Hey Tre, I thought you were seeing them driving down the road, assumption being ditches not in people's yards. Of course no one should go digging in somebody else's yard. You need to stop and ask for a cutting of the plant if you want one. The few times I have seen plants growing on private property that I wanted seed of or a cutting, I stopped and asked. *The people were ever so gracious and I recall one man who actually sat and bagged seed for me so that I could share it with friends. Penstemon, I got Smooth Penstemon that had been growing as a remnant along the side of his house that he never mowed. I told him what it was and he was very happy. Next year I brought him some seedlings I had grown from his seed. He was thrilled. Now he has my phone number and even his wife called me to come and look at something. Turns out it was garlic mustard but they still called. I have met some of the nicest people the few times I have stopped. *
Hibiscus is a member of the Malvaceous Family.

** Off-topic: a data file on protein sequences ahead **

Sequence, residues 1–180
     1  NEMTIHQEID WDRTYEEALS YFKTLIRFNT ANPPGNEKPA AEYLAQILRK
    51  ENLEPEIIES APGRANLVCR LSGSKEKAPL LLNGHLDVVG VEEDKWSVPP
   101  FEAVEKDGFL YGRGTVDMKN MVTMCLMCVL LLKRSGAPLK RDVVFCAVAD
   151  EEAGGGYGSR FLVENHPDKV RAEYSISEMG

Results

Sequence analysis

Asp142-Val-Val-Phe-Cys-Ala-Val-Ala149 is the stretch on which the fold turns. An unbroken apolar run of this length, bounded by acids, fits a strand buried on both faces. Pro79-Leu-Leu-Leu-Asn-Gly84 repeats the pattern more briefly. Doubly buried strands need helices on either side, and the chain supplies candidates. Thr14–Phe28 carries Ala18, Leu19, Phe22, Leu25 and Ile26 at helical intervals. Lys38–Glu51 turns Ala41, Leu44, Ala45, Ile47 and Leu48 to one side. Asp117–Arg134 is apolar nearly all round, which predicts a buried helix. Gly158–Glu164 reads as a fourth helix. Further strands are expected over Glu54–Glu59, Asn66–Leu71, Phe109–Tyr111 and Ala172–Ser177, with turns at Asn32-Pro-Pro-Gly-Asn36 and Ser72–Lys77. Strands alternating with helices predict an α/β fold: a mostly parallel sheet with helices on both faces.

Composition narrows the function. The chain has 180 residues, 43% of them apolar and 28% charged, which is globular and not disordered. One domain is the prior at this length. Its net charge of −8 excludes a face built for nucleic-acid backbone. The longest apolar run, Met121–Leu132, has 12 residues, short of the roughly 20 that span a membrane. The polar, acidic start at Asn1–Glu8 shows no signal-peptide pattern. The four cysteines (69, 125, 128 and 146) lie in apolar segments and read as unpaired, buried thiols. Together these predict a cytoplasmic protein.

I googled this and found that your plant, if it looks similar to the image you linked to only in white, might be a hybrid of the native species and the introduced species- Malvaviscus arboreus penduliflorus Alba
I found it here-
There is a native version that is being referred to as Turk's Cap Mallow that is white but the leaves are somewhat different.
I am not all that familiar with plants that are indigenous or that have naturalized at the expense of native flora and fauna in Forida. You may need to get a hold of a native plant society down by you and ask for help on the ID but take a photo with your own camera if at all possible so that the leaf and flower to the exact plant you want identified will be able to be seen by people trying to help you. So many look so much alike it isn't even funny. *Incredibly frustrating though.
They are definitely not sterile. Many hybrids have been released that were thought to be sterile that definitely weren't. *Classic example is the Bradford Pear. Once they began introducing more Caleryana cultivars to the market, they began hybridizing wildly. The offspring were anything but sterile.
Best wishes to you.